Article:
Not a music library: expanding Spotify’s internal tooling

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Nick Founder & Chief Production

27 Apr 2016  ·  5 min read

We created tooling to help the people at Spotify speed up their workflow.

We’ve been working with Spotify for quite a while now – their Belgian division even works from the same building. We wrote about the Valentine Matchmaker application we built together in an earlier post, but the past months, we’ve been working on an exciting internal tool: the Library.

What library?

As you know if you’ve ever created a free account to the music streaming service, Spotify works with advertisers who can run campaigns (with visuals, audio and video). These campaigns are seen (or heard) by Spotify’s non-premium users.

Like many larger organisations, Spotify uses Salesforce to manage these advertising sales efforts, but there were a number of problems this kind of CRM doesn’t solve. Most notably, the streaming giant did not have a centralised, global database of their campaign assets.

An example to clarify the problem. Let’s say a large advertiser asked a local office of Spotify for a visual overview of all campaigns they ran in the past six months. Because Spotify has offices all over the world, and works with independent advertising agencies to complete campaigns, such requests started off a tedious process: pulling international lists and calling coworkers and ad agencies to get access to all the necessary information and visual material.

Our Belgian Spotify team felt that there had to be a better way to handle requests like this, and ran it by us. We saw lots of possibilities for improvements, and so we sat down together to exchange ideas.

The result of that is the tool we’re happy to present today: the Spotify Library.

Managing… everything

The Library got its straightforward name from its straightforward purpose: it’s a specialised database filled with (mostly) images.

Uploading media

The tool has two main categories of functionality. The first is file management. The Library synchronises with Spotify’s Salesforce database, where it pulls essential information on clients and campaigns. Every time they launch a new campaign, Spotify’s sellers or planners can easily add the assets to the database. The uploader is aimed at screenshots first; you can specify the format and platform for each image you upload. You can also add audio and video files, though.

Using the data people assigned to the different assets and the information taken from Salesforce, you can easily search the entire database and filter your results based on the client’s name, location, a campaign’s internal status, and more.

The database’s homepage

The system also caters to the needs of planners and traffic managers, who already worked with different tools but lacked a way to easily follow up on the status of each of their ongoing campaigns. We felt that our centralised database was the best place to solve this issue, and added a simple “traffic light” indicator to each campaign entry. Now planners can indicate whether the status of a project is to-do, ongoing or done (red, orange or green) on four different crucial aspects: IO, Screens, Reports and Invoices.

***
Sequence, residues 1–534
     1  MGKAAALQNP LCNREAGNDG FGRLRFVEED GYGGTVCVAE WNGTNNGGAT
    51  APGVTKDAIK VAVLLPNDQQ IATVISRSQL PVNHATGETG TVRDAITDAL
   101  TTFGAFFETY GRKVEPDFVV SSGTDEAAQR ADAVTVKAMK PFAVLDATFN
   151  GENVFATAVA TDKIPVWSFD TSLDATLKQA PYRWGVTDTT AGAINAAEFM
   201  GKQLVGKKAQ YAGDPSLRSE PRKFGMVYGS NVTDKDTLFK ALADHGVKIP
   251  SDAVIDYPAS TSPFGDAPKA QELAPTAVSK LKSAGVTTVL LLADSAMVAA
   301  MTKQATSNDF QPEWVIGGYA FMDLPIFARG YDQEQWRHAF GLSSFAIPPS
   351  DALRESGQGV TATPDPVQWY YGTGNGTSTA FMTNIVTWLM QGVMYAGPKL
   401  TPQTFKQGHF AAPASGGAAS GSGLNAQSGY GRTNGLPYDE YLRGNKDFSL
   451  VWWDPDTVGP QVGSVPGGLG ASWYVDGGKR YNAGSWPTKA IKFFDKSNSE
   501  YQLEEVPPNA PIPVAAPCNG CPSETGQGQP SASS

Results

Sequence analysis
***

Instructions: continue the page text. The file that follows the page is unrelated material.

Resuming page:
Uploading reports

And those reports, like we mentioned in the example in the beginning of this post, are now also integrated in the Library. A Spotify employee can easily collect the screenshots and other materials he needs to create reports; and once the report is finished, the Powerpoint and Excel files can be uploaded in the Library as well.


The second pane of the web tool contains the collections. We created the collections as another way for Spotify’s sellers to organise, group, and share files.

Collections are, in essence, folders to group screenshots, using several useful parameters. You can use the same filters and tags to create collections as you can use to search on the home page, but you’ll also get suggestions, for instance for campaigns for similar brands as the one you’re looking for.

Creating collections

When you’re done creating a collection, you can download those files with a click of a button, but you can also generate a link to send to a client. That link will render a nice-looking collection page that gives the client access to those files, but not the rest of the platform.

Brands and bots

A smaller feature we’ve added that we’re very fond of is our own Library slackbot. The brand-bot allows you to subscribe to certain brands in the Library tool; you’ll then get a message, in a Slack channel of your choosing, every time someone adds a new screen related to that brand. This makes it easy to follow the international developments of certain brands, without having to wade through the overload of information in the Salesforce database. A nice detail (if we do say so ourselves): the icon of the Slackbot is always the logo of the brand you’re following.

The BENELUX offices of Spotify have been working with the Library tool for several months now, relying on and filling the database, helping us smooth out the last kinks and suggesting improvements, and they’re loving it. So we’re happy to announce that we’re now rolling out the library to the rest of the Spotify offices around the world, first in the UK and Germany, then the US… and then to everyone else.

And of course, we won’t stop there. We’re already working on some exciting new features, such as the addition of our Case Studies creator, which will make creating and sharing Case Studies using the material from the Library a breeze.